3. Opera turns us all into listeners, into people who pay attention to other voices, other experiences, other perspectives.
  4. Sadly, we seem mostly to live in layers of silence that come, not from lack of speech or song or story, but from lack of listening.
  5. I’m talking here about what I would call ‘deep listening’ – a heightened sense of receptivity – the opposite of our usual cultural training which teaches us quickly to analyze and judge. We need to do more than simply observe – we need to ABSORB.
  6. Living respectfully with other people comes with true listening.
  7. Respect for listening itself, as an engaged and creative act, is part of the project of building respect for each other.
  8. Imagine becoming a living example of an organisation that truly recognizes listening, so often portrayed as passive and receptive, but really, at its best, a conscious, imaginative embrace and incorporation of what is heard. What a brilliant aim for Opera UK!

Dr Caryn Solomon, Sat 13th Feb 2021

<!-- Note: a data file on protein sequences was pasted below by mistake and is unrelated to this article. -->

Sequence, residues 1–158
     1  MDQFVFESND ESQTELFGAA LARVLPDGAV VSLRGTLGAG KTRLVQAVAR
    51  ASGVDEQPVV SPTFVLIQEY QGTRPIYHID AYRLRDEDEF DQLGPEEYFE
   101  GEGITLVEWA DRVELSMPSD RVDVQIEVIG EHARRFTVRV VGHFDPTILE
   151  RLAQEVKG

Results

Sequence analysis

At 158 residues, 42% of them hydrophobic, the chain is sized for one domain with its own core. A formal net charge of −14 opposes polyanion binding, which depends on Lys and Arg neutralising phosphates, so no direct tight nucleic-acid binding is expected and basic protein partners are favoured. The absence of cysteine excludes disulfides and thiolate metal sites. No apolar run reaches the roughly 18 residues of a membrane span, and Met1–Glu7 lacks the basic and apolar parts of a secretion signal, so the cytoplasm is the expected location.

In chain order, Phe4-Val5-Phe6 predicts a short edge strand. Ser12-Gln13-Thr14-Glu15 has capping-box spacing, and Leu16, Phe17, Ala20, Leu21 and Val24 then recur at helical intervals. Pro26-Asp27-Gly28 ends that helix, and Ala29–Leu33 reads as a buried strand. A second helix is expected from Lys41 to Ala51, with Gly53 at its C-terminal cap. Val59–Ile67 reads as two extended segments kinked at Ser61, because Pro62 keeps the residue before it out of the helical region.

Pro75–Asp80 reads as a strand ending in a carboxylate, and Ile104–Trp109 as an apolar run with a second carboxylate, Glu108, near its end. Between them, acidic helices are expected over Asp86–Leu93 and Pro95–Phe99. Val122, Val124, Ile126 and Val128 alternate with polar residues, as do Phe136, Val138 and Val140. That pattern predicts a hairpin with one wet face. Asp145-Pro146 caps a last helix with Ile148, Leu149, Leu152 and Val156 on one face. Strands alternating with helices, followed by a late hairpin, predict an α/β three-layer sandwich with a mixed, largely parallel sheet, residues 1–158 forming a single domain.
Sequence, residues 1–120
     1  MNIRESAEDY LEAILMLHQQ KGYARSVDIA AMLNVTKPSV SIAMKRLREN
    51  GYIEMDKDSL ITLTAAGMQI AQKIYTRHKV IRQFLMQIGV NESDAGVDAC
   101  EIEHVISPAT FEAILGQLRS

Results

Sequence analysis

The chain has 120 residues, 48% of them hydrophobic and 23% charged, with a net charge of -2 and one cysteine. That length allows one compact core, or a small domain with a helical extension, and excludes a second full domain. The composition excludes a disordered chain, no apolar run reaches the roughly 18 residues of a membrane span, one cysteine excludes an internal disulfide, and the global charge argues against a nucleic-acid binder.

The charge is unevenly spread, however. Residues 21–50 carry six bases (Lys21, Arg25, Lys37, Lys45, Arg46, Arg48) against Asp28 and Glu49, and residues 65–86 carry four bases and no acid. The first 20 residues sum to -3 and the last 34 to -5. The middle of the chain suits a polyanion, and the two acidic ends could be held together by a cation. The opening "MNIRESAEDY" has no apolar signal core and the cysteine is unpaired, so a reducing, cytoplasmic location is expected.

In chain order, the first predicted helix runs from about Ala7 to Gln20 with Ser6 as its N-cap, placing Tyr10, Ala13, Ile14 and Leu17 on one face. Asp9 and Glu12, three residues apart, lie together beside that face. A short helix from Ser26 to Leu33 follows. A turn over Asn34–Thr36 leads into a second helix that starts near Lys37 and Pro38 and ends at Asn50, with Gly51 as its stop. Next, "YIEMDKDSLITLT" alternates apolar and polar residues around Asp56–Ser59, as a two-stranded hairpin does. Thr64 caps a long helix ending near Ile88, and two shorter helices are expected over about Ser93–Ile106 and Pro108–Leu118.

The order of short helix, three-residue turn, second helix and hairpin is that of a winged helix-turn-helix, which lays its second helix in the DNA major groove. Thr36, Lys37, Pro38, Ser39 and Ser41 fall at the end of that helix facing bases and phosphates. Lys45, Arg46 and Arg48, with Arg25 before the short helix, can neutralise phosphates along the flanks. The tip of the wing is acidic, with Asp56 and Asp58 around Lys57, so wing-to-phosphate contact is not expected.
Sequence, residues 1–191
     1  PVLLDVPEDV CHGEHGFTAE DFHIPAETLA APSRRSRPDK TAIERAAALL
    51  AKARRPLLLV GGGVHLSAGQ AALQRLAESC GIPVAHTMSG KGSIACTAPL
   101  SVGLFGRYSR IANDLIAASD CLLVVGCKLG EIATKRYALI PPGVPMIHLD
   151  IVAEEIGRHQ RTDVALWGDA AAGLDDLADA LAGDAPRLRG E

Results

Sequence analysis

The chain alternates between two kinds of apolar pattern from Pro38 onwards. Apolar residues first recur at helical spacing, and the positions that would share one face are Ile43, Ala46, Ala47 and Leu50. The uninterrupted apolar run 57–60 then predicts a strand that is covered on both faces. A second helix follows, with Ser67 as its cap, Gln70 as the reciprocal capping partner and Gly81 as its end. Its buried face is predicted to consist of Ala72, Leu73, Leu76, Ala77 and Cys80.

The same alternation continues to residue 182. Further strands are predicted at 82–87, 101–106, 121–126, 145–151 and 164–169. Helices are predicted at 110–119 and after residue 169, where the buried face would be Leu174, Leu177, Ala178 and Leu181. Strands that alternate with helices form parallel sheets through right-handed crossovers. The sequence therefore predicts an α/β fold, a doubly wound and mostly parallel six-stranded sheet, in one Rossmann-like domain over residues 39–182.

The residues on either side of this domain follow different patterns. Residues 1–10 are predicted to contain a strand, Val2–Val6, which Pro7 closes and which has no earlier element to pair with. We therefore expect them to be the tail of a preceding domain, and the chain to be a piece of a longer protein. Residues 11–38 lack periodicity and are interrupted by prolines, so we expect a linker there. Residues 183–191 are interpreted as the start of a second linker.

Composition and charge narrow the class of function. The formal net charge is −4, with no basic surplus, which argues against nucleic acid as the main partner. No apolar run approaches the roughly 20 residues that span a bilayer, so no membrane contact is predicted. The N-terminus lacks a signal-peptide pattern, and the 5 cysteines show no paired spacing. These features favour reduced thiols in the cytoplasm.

JAN 2021: In conversation with Christine Jane Chibnall

Christine Jane Chibnall is the longstanding Director of Planning & Head of Casting at Opera North, having previously worked at Welsh National Opera in the 1970/80’s. Following over 37 years of collaboration and co-production with other opera companies, cross-discipline art forms and international Festivals, this month she shares her insights about casting and advice for singers auditioning today.

What has been your approach to casting over the last 40 years?

Different companies have different ways of casting – leaning more vocally, dramatically or somewhere in between. At Opera North we have resident music staff who look after musical considerations, except when casting early music and specialist repertoire where we sometimes involve guest conductors. However, perhaps more unusually, we also heavily involve directors in the casting process, which can often result in a longer timeframe when considering options. I was surprised when a leading British director once explained he was simply told who the Cio Cio San was going to be in his production of Madama Butterfly, because clearly the right chemistry in the room is of vital importance.

There are many ways to cast any role, and all directors will be looking for different things, I have therefore always endeavoured to put a selection of singers in front of a director.